Blue Gray Review | An American Civil War site From The New-York Times January 10, 1864: Ladies’ National Army Relief Association. WASHINGTON, Thursday, Jan. 7, 1864.
CAIRO, Thursday, April 14. On Tuesday morning the rebel Gen. FORREST attacked Fort Pillow. Seven Score and Ten | The Civil War Sesquicentennial Day by Day
Mirth and melancholy were both a part of the entertainment of senior Confederate officers on this day 150 years ago. Diarist Mary Boykin Chesnut recorded her impressions of a full day of entertainments, including breakfast, dinner, supper, and some amateur theatricals. Many of the officers present were recovering from wounds or captivity in Northern prison camps. One of Mrs. Chesnut's guests was Brigadier General Alexander R. Lawton, the Quartermaster General of the Confederate Army. The American Civil War
Item Description: Diary entry, 15 April 1864, by Sarah Lois Wadley, describing the Union occupation of Monroe. Wadley was the daughter of William Morrill Wadley (1812?-1882) and Rebecca Barnard Everingham Wadley (fl. 1840-1884) and lived with her family in homes near Amite in Tangipahoa Parish, Monroe and Oakland in Ouachita Parish, La., and near Macon, Ga. [Item transcription available below images] Item Citation: From folder 5 of the Sarah Lois Wadley Papers # 1258, Southern Historical Collection, The Wilson Library, University of North Carolina at Chapel Hill. Civil War Day by Day | From the Louis Round Wilson Special Collections Library, University of North Carolina at Chapel Hill
Daily Observations from The Civil War — Day by day writings of the time. January 13.—The rebel Congress, having passed a joint resolution of thanks to General Robert E. Lee, and his officers, Adjutant-General Cooper issued an order announcing the fact, with the following preface: “The President, having approved the following joint resolution of Congress, directs its announcement in general orders, expressive of his gratification at the tribute awarded the patriot officers and soldiers to whom it is addressed. “For the military laggard, or him, who, in the pursuits of selfish and inglorious ease, forgets his country’s need, no note of approbation is sounded. His infamy is his only security from oblivion.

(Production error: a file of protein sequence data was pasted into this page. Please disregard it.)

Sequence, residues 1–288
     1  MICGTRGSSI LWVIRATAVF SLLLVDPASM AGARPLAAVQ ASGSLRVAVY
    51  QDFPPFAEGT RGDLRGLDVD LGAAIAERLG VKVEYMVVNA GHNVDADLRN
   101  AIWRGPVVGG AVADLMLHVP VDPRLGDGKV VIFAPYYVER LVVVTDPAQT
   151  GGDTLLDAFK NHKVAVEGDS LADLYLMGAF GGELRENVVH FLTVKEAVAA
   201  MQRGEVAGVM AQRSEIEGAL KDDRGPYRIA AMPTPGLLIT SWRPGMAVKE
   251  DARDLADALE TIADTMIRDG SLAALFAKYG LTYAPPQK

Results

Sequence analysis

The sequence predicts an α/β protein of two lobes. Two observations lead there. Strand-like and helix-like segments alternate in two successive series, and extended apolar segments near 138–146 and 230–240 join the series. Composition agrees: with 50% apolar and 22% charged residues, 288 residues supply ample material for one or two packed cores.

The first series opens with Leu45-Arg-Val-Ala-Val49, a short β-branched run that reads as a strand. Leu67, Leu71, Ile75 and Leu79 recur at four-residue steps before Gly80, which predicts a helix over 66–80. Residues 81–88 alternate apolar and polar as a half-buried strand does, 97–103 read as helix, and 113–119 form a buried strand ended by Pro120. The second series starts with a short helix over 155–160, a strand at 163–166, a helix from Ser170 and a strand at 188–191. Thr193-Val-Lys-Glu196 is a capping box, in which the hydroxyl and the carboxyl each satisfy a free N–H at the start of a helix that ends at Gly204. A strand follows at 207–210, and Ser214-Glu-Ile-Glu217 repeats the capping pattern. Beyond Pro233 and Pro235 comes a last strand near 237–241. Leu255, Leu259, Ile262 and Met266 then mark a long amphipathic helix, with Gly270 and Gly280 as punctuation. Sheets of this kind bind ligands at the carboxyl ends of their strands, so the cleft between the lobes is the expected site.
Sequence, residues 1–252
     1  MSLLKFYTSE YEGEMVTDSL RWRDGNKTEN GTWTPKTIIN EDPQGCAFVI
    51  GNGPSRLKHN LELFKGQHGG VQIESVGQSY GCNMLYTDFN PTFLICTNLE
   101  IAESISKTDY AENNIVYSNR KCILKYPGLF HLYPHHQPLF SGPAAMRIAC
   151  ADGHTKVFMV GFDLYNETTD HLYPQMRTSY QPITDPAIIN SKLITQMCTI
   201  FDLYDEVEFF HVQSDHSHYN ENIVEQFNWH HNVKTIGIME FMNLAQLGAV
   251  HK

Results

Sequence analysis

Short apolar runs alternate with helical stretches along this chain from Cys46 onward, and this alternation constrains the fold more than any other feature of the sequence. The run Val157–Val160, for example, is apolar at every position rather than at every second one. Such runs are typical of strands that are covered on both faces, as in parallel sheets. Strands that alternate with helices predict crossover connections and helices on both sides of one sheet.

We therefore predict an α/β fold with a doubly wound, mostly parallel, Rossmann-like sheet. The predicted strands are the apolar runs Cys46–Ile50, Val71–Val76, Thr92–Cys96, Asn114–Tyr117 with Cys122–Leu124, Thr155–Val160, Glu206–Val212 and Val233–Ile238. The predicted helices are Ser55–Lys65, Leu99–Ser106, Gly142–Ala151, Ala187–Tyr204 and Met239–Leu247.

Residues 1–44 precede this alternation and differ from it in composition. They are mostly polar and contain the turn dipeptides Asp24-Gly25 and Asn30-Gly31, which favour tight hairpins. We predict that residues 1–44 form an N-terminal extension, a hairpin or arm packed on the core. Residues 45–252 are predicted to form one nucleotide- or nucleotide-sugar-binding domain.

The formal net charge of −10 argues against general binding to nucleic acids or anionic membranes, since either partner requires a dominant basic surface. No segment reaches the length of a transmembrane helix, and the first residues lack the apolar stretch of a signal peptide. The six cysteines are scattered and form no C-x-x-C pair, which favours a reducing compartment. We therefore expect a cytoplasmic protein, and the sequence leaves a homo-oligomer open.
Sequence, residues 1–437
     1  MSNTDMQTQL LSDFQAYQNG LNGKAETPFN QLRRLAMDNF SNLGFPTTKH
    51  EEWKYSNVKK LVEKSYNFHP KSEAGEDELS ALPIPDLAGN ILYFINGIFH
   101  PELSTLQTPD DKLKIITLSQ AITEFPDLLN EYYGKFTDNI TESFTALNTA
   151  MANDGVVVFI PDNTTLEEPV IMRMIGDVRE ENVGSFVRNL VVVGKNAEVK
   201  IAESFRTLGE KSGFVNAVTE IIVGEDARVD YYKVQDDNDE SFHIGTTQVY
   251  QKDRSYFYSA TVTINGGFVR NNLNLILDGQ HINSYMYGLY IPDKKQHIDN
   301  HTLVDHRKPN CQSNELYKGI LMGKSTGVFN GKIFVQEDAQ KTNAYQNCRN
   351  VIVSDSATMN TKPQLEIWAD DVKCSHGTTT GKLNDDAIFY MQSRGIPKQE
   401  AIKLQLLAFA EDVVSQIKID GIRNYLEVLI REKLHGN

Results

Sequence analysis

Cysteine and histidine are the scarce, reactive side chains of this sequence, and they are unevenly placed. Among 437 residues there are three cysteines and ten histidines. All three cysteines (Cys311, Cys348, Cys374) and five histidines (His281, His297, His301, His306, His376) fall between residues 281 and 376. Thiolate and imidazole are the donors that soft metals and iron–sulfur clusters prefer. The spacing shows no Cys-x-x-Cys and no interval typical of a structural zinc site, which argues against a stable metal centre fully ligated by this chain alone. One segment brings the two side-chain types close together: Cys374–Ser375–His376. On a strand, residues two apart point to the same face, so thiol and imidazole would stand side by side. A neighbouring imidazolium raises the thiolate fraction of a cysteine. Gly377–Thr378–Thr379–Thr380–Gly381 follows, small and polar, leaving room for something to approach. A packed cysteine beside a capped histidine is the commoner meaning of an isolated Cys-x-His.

Civil War Daily Gazette Davis Shoots Down Proposal to Free the Slaves January 13, 1864 (Thursday) It wasn’t exactly a coup, or even the rumblings of such. But it was revolutionary, at least in thought. General Patrick Cleburne commanded a division in Joe Johnston’s Army of Tennessee. As a military commander, he was well respected by officers both Southern and Northern. History would remember him as the “Stonewall of the West.”
[TAG]The climax of Steven Spielberg’s film “Lincoln” — the passage of the 13th Amendment in the House of Representatives — vividly captures the culmination of a dramatic yearlong legislative battle that mixed skillful behind-the-scenes maneuverings with high-minded constitutional debate, internecine party politics, personal animosities and the polarizing dynamics of a presidential election. Approval in the House on Jan. 31, 1865, trailed the amendment’s passage in the Senate on April 8, 1864, by almost 10 months. Its adoption by 27 states the following December introduced the word “slavery” into the Constitution for the first time. But the amendment’s successful ratification was not the first time Americans had sought a constitutional remedy for slavery. On Feb. 28, 1861, a close vote in Congress sent the Corwin Amendment to the states. Named for its House sponsor, Ohio Republican Thomas Corwin, the proposal was actually the work of the soon-to-be secretary of state William H. DISUNION - Opinionator